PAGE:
SERGIO: Hunter is right. I was a 176-pound middleweight and people were comparing me to pictures of my father on the Olympia stage, which was ridiculous. When I started competing, I won some contests and there was talk—“Oh, he only won because of who his father was.” But I feel if anything, maybe I get judged a little more harshly than others because of who my dad was. People assumed my dad was helping me get ready for my shows and he really wasn’t. I understand it, though. If I saw Arnold’s son onstage and he looked good I’d probably be like, Hmm, he could look better, he’s got Arnold helping him. There was one point separating second and third and a point separating first and second at the Junior Nationals this year [Oliva placed 3rd in the super-heavyweight class], so you can’t tell me I’m getting any favors when I lose by a point. Hunter and I are walking proof that bodybuilding is about genetics and hard work.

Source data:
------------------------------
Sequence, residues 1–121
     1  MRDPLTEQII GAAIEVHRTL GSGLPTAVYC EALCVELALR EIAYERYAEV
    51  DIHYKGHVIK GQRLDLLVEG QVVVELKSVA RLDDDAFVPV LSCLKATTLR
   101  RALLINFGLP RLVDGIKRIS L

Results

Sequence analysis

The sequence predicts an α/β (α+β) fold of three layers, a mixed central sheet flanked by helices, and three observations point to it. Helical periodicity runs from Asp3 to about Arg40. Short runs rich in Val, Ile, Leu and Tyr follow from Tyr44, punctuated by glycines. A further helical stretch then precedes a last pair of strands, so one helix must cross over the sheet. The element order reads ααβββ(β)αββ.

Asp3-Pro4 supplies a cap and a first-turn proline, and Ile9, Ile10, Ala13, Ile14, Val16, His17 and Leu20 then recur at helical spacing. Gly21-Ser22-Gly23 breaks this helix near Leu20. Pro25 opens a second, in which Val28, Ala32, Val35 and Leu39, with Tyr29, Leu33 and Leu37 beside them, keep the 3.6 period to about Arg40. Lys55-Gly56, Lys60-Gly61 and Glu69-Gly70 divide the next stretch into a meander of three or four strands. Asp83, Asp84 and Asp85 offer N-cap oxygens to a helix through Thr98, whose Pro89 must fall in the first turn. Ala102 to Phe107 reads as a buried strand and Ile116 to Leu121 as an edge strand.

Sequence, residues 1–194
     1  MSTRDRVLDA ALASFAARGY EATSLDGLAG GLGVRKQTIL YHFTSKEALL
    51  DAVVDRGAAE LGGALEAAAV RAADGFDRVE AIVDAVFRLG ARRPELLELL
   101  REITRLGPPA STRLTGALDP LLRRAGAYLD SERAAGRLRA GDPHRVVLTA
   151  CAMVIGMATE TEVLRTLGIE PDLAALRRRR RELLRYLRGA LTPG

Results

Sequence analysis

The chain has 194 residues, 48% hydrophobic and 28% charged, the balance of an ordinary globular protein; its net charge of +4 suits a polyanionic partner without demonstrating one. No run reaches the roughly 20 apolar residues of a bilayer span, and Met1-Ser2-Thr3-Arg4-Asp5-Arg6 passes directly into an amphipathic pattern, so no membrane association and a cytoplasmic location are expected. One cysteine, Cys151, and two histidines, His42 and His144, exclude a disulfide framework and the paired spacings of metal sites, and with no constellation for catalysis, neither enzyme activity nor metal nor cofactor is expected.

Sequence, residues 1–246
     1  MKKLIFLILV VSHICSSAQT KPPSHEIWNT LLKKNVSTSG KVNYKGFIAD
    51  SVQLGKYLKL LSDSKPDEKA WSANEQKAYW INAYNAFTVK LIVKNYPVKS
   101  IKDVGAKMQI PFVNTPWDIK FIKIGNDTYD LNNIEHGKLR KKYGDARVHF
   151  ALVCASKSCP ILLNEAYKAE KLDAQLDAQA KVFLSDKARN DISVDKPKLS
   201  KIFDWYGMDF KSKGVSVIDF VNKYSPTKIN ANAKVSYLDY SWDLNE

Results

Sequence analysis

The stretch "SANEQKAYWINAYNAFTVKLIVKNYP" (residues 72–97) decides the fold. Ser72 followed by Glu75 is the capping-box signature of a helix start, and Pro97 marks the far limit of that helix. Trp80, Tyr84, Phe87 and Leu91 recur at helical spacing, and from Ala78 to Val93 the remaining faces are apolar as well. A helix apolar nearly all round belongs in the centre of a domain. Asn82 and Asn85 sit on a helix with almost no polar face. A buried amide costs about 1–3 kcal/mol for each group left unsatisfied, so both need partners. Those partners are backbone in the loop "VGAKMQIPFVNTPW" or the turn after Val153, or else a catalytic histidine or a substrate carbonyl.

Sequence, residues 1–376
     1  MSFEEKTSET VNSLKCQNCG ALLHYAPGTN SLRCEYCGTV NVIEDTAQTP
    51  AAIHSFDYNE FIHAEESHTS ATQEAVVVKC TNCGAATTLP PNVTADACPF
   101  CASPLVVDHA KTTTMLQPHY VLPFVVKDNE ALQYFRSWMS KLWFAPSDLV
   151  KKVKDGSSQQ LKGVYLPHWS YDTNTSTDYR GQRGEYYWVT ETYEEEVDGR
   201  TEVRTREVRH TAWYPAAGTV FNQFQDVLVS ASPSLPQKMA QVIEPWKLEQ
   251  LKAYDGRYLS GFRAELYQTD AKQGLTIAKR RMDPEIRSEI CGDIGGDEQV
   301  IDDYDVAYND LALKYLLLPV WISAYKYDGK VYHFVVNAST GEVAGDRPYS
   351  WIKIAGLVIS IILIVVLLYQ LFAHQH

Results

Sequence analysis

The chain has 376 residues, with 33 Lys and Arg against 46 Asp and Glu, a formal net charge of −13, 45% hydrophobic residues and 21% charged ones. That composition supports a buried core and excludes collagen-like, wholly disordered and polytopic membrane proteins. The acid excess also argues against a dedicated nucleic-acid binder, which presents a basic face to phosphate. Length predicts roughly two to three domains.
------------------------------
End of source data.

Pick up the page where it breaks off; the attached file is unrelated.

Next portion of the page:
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Lee, did you know Sergio’s dad?
LEE: Yeah, we were friends. There was a generation gap there, but I’ve met and spoken to him.
You’re both Cuban.
LEE: I’m glad you brought that up, because there must be something in the water in Cuba! [Laughs] Sergio Sr. and I were born in Cuba; Hunter and Sergio Jr. are Cuban-American. They’re both sons of champions, though I give Sergio Sr. the nod; he’s the greater of the two of us.
SERGIO: I feel like I’m never going to live up to this guy [Oliva Sr.] unless I win four Mr. Olympias.
And I like that, because it never lets me settle.
At what point as a little kid did you realize, Hey, other kids’ dads don’t look like my dad?